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The ADL Takes Sides against Benjamin Netanyahu

Sept. 16 2016

In an English-language video posted last week, the Israeli prime minister pointed out that the Palestinian demand for sovereignty over a territory from which Jews would be excluded amounts to advocacy of ethnic cleansing. Responding in Foreign Affairs, Jonathan Greenblatt, the new head of the Anti-Defamation League (ADL) and a former staffer for both President Obama and Hillary Clinton, roundly condemned Netanyahu’s statement (as, not coincidentally, did the White House). Jonathan Tobin remarks:

[Even] leaving aside the merits of Netanyahu’s assertion, . . . for Greenblatt to re-position the ADL from its former centrist position as a mainstream address for pro-Israel activism to one that is now in open opposition to the democratically elected government of Israel is a sea change of enormous importance. From now on, the ADL must be viewed as an ally of J Street and others on the left who make no secret of their partisanship in the context of both Israeli politics and the tense relations between Israel and the United States. This is a betrayal of the ADL’s long and honorable legacy as a group that sought to speak for the interests of the Jewish community as a whole and respected the right of Israel’s people and their leaders to make their own decisions about security.

It is equally outrageous for Greenblatt to use his newly inherited mantle, as the man who can pose as the arbiter of what is or is not anti-Semitism, to attack Israel’s government. . . . Enough Jewish blood has been shed by Palestinians driven by hate to understand the stakes in that conflict. Whatever one’s opinions about settlements, the ADL has no business weighing in on this subject in a manner that effectively gives the Palestinian culture of hate a pass. Doing so also undermines the ADL’s credibility in the fight against the forces threaten both Israel and world Jewry.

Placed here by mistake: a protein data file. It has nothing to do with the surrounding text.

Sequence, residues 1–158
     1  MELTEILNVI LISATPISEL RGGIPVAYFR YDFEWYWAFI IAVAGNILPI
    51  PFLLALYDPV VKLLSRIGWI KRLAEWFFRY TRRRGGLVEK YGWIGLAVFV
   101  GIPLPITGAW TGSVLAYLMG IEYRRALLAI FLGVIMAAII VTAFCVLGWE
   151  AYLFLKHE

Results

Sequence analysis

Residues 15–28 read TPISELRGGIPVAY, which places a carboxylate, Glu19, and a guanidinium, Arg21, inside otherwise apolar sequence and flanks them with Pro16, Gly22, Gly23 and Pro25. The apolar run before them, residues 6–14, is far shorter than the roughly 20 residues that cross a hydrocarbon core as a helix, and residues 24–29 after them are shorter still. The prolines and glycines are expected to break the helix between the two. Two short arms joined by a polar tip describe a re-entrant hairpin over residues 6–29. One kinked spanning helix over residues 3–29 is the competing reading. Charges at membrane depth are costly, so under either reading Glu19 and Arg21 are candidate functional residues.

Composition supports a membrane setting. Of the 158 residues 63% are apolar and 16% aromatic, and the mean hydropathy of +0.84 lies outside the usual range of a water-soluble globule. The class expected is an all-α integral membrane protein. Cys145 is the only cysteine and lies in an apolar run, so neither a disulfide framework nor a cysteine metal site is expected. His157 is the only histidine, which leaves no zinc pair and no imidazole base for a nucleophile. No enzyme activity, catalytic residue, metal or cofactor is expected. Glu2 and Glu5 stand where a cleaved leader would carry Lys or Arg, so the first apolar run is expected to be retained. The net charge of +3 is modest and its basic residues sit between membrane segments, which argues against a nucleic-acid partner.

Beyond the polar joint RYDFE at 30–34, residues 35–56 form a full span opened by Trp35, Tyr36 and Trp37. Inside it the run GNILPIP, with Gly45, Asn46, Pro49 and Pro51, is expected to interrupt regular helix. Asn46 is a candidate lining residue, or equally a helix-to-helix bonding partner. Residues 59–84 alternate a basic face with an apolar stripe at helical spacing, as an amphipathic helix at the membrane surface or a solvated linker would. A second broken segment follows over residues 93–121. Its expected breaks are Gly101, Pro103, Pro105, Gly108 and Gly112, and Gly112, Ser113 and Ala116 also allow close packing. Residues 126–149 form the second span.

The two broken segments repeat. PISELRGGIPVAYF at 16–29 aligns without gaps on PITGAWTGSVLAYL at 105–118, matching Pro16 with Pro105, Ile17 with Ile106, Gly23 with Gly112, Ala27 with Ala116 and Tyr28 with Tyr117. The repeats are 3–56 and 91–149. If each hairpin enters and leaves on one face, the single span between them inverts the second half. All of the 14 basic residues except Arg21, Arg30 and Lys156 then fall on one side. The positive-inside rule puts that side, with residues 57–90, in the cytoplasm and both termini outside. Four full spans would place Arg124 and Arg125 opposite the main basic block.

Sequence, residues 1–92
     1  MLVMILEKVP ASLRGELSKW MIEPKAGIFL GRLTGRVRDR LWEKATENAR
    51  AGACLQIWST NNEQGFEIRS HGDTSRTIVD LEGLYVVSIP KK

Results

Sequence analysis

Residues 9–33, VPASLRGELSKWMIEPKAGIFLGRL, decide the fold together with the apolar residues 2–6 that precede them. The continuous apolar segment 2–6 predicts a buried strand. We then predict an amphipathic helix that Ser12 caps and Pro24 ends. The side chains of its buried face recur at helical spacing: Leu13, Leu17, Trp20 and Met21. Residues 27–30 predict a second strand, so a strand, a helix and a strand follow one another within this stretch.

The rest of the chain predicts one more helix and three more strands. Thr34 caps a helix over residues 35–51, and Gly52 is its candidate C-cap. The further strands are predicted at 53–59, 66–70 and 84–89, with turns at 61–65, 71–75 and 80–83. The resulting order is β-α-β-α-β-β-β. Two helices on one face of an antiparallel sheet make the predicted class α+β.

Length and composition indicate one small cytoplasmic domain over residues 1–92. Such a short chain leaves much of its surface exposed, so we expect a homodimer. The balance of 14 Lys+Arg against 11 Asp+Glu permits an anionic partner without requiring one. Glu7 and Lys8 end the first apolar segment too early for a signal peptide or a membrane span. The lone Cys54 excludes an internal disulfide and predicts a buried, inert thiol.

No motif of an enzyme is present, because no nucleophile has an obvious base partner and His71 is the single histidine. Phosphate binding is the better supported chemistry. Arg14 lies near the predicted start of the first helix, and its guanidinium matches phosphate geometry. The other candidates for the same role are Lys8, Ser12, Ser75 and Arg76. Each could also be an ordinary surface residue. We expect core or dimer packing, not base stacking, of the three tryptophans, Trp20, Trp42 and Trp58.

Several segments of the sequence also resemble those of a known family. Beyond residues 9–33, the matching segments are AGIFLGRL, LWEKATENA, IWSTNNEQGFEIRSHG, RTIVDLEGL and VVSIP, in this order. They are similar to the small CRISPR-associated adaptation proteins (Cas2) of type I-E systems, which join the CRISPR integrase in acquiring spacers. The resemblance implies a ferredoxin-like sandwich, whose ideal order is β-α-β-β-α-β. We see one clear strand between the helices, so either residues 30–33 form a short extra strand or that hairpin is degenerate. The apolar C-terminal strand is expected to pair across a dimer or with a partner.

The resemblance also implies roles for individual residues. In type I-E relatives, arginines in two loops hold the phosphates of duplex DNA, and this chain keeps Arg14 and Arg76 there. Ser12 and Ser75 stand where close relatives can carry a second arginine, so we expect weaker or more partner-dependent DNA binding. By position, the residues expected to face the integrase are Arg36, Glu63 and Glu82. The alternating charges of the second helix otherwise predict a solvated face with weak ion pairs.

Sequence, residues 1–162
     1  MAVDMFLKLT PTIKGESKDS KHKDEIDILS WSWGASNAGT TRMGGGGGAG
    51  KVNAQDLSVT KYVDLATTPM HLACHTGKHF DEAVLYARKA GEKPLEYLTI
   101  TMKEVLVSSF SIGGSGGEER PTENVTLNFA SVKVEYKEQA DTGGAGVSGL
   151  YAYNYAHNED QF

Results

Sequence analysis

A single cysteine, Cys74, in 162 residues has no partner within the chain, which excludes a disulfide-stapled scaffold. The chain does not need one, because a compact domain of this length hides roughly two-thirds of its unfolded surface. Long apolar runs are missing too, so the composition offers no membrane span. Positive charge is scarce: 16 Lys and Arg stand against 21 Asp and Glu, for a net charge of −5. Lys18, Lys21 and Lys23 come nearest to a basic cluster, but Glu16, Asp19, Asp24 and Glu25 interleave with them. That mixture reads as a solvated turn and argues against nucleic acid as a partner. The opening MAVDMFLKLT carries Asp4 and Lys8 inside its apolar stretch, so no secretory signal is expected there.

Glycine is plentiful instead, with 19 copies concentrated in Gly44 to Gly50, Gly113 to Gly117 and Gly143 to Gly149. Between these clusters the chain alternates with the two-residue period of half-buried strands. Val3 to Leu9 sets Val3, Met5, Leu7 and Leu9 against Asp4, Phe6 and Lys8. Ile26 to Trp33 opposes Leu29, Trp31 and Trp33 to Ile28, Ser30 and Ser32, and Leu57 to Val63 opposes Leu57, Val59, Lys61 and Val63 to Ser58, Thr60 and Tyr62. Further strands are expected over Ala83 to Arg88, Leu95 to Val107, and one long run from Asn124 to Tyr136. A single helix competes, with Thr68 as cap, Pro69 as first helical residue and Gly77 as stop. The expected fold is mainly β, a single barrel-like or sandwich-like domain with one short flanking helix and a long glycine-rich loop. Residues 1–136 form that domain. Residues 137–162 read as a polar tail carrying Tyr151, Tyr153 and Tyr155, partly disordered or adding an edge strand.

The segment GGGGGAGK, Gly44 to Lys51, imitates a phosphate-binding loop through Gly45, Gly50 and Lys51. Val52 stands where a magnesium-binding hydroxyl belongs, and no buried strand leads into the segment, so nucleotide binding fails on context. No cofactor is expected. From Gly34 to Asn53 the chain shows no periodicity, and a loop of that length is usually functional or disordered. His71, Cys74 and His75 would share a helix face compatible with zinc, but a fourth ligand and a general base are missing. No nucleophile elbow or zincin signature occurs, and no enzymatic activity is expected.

Read more at Commentary

More about: ADL, Barack Obama, Benjamin Netanyahu, Hillary Clinton, Israel & Zionism

Toward an Iran Policy That Looks at the Big Picture

On Monday, Secretary of State Mike Pompeo delivered a speech outlining a new U.S. approach to the Islamic Republic. Ray Takeyh and Mark Dubowitz explain why it constitutes an important and much-needed rejection of past errors:

For too long, a peculiar consensus has suggested that it is possible to isolate the nuclear issue from all other areas of contention and resolve it in a satisfactory manner. The subsidiary [assumption] embedded in this logic is that despite the bluster of Iran’s rulers, it is governed by cautious men, who if offered sufficient incentives and soothing language would respond with pragmatism. No one embraced this notion more ardently than the former secretary of state, John Kerry, who crafted an accord whose deficiencies are apparent to all but the most hardened partisans. . . .

A regime as dangerous as the Iranian one requires no less than a comprehensive strategy to counter it. This means exploiting all of its vulnerabilities, increasing the costs of its foreign adventures, draining its economy, and aiding our allies. Most importantly, the United States must find a way of connecting itself to domestic opposition that continuously haunts the mullahs.

Washington should no longer settle for an arms-control agreement that paves Iran’s path to a bomb but rather a restrictive accord that ends its nuclear aspirations. The United States should not implore its allies to share the Middle East with Iran, as Barack Obama did, but partner with them in defeating the clerical imperialists. And most importantly, the United States should never forget that its most indispensable ally is the Iranian people.

Read more at Foreign Policy

More about: Iran, Iran nuclear program, Mike Pompeo, U.S. Foreign policy